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Considering the wealth of recent studies on affective touch, to date, little research addressed the role of the other sensory modalities in the modulation of hedonic tactile perception. Here, we investigated the behavioral and electrodermal signature of the interaction between simultaneously presented visual and tactile stimuli. In three experiments, participants were presented with emotional pictures (international affective picture system; IAPS), while their forearm was gently stroked by means of different tactile textures (i.e., sandpaper, satin, tinfoil, abrasive sponge, and skin-to-skin contact). In Experiment 1, the participants evaluated the pleasantness of the tactile stimulation received, while in Experiment 2 they evaluated the pictures emotional valence. In Experiment 3 the participants rated the pleasantness, the smoothness and the softness of the textures; skin conductance responses (SCRs) were also measured. In sum, the results revealed that while the visual valence ratings were not modulated by the tactile stimulation, the hedonic and sensory tactile ratings were modulated by the visual presentation of both positively and negatively valenced pictures, as well as by neutral pictures. The modulatory effects occurring during visuo-tactile interactions might thus be not necessarily reciprocal. Moreover, the SCRs were not differently affected by the visuo-tactile or tactile conditions of stimulus presentation, suggesting a dissociation between behavioral and electrodermal effects in multisensory interactions.
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Nowadays, social networks sites (SNs) are widely used in a variety of applications such as viral marketing. Given a huge number of users on SNs, the process of selecting appropriate users as the target set is key decision for enterprises to conduct cost-effective targeted marketing and reputation management. Several methods have been presented to find influential users for viral marketing in social networks. One of the weaknesses of previous methods is the selection of target sets who activate similar users and have high spreading ability in the whole network. In this paper, an optimization model is proposed to identify the most influential users of social networks in another view by splitting a big network into small parts as communities and considering both positive and negative interactions between users to create the influence graph. Our model takes the usefulness and similarity of the users into account and tries to select the most profitable users with the lowest possible similarity in which the number of target users is automatically determined. Assessments on real and synthetic networks indicate that the proposed method is capable to select a target set with high profit and gives better performance than other methods.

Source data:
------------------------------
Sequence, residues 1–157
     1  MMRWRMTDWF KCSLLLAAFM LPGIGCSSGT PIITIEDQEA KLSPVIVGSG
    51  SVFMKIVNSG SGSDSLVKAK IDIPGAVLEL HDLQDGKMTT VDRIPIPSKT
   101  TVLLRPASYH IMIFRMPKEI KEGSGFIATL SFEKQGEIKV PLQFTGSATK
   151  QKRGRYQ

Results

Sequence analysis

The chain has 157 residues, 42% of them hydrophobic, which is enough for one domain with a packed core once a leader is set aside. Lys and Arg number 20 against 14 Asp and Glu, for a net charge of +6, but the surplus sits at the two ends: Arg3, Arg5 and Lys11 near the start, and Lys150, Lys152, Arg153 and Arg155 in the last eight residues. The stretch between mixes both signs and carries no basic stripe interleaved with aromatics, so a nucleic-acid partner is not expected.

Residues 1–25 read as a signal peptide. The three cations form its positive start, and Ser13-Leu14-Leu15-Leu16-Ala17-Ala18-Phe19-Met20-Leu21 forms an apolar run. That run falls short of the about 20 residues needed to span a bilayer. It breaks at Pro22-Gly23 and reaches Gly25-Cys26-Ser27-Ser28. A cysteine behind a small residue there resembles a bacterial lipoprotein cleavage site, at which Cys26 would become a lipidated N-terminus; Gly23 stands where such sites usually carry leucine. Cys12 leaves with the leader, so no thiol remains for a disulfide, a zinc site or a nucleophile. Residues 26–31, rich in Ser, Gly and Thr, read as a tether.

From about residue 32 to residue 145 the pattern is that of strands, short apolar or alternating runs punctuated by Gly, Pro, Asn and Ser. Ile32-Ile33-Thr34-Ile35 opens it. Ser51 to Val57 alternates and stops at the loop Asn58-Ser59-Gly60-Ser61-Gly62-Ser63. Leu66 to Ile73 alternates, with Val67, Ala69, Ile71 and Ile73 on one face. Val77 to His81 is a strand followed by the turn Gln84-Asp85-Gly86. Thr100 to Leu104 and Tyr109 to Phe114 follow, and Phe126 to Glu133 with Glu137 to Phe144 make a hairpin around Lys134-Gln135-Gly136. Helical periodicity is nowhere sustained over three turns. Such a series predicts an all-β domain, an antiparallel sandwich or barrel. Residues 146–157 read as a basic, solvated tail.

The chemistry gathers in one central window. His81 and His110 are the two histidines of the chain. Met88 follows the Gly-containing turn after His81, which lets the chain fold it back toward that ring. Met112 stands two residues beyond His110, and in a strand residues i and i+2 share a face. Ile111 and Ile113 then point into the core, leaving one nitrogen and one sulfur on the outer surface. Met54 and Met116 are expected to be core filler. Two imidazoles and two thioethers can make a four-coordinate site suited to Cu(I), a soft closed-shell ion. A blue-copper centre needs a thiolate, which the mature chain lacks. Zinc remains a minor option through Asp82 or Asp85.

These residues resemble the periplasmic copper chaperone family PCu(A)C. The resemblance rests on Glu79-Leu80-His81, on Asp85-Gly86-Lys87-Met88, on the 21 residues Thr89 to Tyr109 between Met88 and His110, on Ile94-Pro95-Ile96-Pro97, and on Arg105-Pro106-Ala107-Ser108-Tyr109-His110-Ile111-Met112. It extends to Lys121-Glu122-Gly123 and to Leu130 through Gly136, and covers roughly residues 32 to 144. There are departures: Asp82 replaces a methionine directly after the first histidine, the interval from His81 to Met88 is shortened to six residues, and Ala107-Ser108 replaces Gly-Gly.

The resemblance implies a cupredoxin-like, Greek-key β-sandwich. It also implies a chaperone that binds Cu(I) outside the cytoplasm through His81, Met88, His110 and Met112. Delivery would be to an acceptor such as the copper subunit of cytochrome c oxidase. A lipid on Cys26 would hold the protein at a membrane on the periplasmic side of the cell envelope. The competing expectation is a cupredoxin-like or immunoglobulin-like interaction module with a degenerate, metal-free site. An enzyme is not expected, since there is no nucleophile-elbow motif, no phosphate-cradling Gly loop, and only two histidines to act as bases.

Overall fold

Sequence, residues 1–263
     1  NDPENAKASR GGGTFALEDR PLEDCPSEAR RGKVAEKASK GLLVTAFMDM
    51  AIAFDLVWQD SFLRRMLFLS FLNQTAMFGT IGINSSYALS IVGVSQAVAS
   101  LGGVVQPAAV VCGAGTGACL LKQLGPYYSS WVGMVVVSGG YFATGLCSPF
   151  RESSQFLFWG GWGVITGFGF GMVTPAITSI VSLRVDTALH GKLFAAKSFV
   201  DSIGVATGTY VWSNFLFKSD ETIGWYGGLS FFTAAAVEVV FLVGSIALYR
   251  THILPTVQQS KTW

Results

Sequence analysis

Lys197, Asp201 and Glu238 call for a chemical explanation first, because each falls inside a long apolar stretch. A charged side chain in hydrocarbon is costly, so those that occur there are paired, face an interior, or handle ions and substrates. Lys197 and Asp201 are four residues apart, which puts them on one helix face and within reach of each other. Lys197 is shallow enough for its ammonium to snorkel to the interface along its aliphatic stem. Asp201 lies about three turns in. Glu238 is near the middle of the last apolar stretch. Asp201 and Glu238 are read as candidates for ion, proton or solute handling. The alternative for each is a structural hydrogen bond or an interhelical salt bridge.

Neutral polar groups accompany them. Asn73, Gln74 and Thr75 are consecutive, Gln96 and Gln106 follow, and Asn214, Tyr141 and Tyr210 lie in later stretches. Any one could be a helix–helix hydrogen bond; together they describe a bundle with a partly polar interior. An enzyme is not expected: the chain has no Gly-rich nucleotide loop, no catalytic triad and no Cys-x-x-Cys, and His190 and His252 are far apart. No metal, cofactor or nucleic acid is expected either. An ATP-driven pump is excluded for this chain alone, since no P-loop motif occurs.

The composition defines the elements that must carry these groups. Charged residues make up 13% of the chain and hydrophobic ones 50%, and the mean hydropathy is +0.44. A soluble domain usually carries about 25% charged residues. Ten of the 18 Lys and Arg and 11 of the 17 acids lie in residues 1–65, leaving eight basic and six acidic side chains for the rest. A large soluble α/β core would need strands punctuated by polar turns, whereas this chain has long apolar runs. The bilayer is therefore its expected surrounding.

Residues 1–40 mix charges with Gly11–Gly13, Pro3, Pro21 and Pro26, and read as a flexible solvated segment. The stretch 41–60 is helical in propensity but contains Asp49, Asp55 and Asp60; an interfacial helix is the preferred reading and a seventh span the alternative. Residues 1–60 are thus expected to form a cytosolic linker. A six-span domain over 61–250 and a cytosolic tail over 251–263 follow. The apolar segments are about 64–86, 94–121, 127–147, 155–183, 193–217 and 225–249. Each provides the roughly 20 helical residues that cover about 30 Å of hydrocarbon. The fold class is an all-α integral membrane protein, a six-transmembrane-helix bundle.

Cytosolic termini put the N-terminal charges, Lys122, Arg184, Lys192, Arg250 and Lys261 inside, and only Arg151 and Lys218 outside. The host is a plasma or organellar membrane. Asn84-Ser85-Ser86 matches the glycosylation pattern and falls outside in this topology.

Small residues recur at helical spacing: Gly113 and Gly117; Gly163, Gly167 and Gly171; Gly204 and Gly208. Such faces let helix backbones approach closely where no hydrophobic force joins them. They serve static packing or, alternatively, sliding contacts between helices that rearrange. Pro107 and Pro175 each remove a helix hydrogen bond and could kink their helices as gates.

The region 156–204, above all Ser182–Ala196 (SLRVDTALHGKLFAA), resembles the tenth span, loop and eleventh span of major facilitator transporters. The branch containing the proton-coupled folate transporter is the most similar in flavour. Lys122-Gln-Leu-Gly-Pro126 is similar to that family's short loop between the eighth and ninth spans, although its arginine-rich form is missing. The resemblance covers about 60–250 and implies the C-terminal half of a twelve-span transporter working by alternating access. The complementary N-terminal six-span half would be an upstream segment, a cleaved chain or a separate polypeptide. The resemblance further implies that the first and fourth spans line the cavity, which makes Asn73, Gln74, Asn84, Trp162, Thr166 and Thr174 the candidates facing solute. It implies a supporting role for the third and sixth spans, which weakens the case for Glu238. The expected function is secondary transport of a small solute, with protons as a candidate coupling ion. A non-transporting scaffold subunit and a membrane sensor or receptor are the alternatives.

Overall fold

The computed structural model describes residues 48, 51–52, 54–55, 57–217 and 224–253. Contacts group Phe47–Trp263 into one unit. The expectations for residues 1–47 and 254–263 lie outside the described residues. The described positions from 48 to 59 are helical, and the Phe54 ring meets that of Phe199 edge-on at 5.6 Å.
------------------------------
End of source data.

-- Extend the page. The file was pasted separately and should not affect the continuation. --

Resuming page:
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En el marco del programa de investigación y de la red internacional CEVI, este estudio indaga en la relación entre los hechos personales de cambio y la memoria autobiográfica y el bienestar. Se aplicó el instrumento CEVI en dos muestras de contextos diferentes, estratificadas en cinco cohortes de edad: 1) País Vasco (N = 267, rango 20-88 años, edad M = 38.57, DT = 20.96; 59.9% mujeres) y 2) Gaza (N = 676, rango 19- 103 años, edad M = 52.79, DT = 21.02; 47.8% mujeres). Se correlacionaron los hechos de cambio individuales con el bienestar subjetivo (escala PHI) y sus dimensiones hedónica y eudaimónica. En ambas muestras hubo mayor cantidad de recuerdos autobiográficos positivos. Respecto a la incidencia de los hechos de cambio en el bienestar, son los sucedidos el último año los que impactan en mayor medida en una sociedad de mayor nivel de vida y más individualista como el País Vasco. En una sociedad más colectivista y en condiciones de vida más difíciles como Gaza, son los grandes puntos de inflexión los que se asocian más fuertemente al bienestar, probablemente por los grandes cambios en roles sociales y calidad de vida que éstos implican. Los hechos positivos globales se relacionaron tanto con el bienestar global, como con sus facetas hedónica y eudaimónica, más fuertemente que los hechos globales negativos. Se discuten los resultados a la luz de las evidencias de los estudios internacionales del proyecto CEVI.